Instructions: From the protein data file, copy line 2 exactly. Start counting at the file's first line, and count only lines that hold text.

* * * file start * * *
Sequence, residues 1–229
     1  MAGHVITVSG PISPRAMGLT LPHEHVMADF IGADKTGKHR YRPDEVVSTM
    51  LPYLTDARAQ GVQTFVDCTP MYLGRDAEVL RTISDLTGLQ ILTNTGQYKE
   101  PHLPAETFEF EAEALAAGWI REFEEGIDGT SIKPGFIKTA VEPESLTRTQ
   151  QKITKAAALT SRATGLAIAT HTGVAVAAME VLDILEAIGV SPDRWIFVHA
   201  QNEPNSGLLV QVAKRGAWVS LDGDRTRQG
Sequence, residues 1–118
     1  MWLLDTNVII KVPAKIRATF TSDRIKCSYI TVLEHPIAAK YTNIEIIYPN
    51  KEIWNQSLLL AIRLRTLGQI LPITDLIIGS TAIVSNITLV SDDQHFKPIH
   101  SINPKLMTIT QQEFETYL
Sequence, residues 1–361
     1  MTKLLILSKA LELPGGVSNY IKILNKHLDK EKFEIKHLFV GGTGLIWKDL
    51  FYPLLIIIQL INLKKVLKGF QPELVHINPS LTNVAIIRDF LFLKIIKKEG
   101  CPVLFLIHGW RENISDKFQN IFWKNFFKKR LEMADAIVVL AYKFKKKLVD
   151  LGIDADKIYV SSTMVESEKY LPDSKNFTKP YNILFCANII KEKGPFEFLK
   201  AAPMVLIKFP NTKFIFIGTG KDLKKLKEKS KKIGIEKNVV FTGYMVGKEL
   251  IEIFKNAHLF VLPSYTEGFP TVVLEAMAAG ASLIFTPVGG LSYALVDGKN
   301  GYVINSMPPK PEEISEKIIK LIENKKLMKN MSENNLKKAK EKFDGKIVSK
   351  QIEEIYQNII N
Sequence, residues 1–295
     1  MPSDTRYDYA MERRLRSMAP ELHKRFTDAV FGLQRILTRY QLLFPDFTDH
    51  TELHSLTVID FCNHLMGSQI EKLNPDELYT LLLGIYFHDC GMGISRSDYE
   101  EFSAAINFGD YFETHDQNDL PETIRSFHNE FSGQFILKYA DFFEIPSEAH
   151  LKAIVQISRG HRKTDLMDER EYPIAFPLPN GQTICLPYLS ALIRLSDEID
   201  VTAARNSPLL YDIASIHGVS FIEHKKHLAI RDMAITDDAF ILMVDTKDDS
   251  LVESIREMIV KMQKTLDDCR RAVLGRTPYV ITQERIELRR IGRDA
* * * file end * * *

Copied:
     1  MAGHVITVSG PISPRAMGLT LPHEHVMADF IGADKTGKHR YRPDEVVSTM